"Unbroken," the real-life story of Olympic runner Louis Zamperini's two years as a prisoner of war in Japan, brought in $15.6 million, helping Comcast Corp.'s Universal film and Jolie's second directorial effort stand out in the crowded U.S. and Canada holiday film offering.

It came in just ahead of the $15.1 million made by "Into The Woods," Walt Disney Co.'s film adaptation of Stephen Sondheim's Broadway musical. Actresses Emily Blunt and Meryl Streep and the film itself have received Golden Globe nominations.

The last of Peter Jackson's three "Hobbit" films, "Hobbit: The Battle of the Five Armies," from Time Warner Inc.'s Warner Bros., tacked on another $13.1 million on Christmas Day after winning the box office in its debut last weekend.

Far down on the list, in 14th place, was "The Interview," the Seth Rogen-James Franco farce about North Korean leader Kim Jong Un that sparked the devastating cyberattack on Sony Pictures. The raunchy comedy earned $1.04 million playing in 331 mostly independent theaters after the big movie chains bowed out due to threats from hackers.
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#Jackie_Chan says feels ashamed of son's drug abuse

BEIJING (Reuters) - Hong Kong kung fu movie star Jackie Chan feels ashamed of his son's drug abuse and hopes that one day he will speak out about the dangers of taking drugs, state news agency Xinhua reported.

Jaycee Chan was formally charged with a drugs offense this week, meaning he is almost certain to face trial.

The younger Chan, a 32-year-old actor and singer, was arrested in Beijing this year after testing positive for marijuana, with police saying they found 100 grams of the drug at his home.

"I hope that in the future, he could become an anti-drug spokesman and tell his experiences to young people," Jackie Chan told Xinhua, in comments released late on Wednesday.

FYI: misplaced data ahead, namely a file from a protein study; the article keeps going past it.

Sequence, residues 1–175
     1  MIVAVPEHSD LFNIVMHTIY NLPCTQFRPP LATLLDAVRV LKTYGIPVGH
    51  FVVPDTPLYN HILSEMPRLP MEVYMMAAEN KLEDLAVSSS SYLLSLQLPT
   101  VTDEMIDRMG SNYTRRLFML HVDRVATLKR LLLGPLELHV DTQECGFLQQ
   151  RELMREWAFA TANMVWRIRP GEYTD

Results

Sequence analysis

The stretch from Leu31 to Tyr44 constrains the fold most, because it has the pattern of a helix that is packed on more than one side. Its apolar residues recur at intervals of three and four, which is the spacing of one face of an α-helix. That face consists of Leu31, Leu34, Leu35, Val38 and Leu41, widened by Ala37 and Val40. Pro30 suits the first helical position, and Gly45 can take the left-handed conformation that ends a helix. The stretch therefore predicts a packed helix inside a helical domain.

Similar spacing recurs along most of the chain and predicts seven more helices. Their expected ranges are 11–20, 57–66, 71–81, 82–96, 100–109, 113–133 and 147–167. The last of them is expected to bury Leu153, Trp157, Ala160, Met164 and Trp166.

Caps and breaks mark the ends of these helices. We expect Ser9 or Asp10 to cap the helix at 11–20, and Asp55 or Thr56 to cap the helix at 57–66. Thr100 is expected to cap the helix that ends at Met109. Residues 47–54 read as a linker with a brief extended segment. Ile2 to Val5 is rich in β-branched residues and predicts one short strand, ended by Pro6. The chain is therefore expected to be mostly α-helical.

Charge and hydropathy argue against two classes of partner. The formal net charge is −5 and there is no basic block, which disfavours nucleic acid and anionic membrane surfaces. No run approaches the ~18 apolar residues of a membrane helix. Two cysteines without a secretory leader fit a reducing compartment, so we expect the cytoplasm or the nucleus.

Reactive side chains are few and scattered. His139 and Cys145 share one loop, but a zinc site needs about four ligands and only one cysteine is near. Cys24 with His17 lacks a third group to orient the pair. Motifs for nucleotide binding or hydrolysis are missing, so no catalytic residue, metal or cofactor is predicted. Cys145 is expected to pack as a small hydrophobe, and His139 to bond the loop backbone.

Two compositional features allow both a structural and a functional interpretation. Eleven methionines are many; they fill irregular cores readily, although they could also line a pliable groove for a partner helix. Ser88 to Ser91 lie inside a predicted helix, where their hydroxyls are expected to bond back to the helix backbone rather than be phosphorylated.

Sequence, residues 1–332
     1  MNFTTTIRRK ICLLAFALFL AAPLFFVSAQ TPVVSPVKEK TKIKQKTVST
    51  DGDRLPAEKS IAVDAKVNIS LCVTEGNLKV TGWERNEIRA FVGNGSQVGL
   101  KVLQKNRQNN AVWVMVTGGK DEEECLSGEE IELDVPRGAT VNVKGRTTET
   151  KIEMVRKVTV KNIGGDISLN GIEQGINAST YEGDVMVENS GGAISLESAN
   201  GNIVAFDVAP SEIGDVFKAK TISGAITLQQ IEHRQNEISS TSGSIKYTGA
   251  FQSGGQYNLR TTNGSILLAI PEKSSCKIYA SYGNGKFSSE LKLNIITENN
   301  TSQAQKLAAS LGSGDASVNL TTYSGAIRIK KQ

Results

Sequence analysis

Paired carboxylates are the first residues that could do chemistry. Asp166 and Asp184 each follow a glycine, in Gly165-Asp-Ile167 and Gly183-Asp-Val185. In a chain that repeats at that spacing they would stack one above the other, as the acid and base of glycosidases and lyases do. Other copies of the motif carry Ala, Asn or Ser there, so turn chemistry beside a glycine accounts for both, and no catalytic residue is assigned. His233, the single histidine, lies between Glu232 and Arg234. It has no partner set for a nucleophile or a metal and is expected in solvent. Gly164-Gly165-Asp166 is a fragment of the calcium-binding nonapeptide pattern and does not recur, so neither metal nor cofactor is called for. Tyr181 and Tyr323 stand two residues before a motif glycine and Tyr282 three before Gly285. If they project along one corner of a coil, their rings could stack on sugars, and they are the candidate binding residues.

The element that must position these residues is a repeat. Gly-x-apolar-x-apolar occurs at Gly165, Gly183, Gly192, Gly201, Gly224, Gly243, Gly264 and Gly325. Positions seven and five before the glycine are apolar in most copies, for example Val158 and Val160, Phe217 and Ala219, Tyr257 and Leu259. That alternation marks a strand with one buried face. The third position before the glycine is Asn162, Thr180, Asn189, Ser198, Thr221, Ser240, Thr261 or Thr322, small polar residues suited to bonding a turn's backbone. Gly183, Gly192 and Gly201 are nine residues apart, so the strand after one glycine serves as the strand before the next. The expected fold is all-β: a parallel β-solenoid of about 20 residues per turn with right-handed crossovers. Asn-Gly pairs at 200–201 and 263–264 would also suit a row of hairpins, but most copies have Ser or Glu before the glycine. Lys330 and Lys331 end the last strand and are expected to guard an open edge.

Chan also said that he never used any of his connections to help his son out, the report added.

In August, his father offered the public a "deep bow of apology" for his son's arrest.

Action and comedy star Jackie Chan, 60, served as a goodwill spokesman for the China National Anti-Drug Committee in 2009, state media reported, promoting anti-drug education.

China has detained a string of other mostly B-list celebrities in recent months on drug-related charges, cases that have been publicized widely in both state and social media. They have included movie and television stars, film directors and a prominent screenwriter.

Drug crimes carry harsh penalties in China including death or life imprisonment in serious cases.

Illegal drugs, especially synthetic substances like methamphetamine, ketamine and ecstasy, have grown in popularity in China in tandem with the rise of a new urban class with greater disposable income.
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Former 'Saved by the Bell' actor Dustin Diamond arrested in Wisconsin

(Reuters) - Former "Saved by the Bell" actor Dustin Diamond, who played the nerdy "Screech" on the high school sitcom, has been arrested for stabbing a man with a switchblade at a bar north of Milwaukee, Wisconsin, police said on Friday.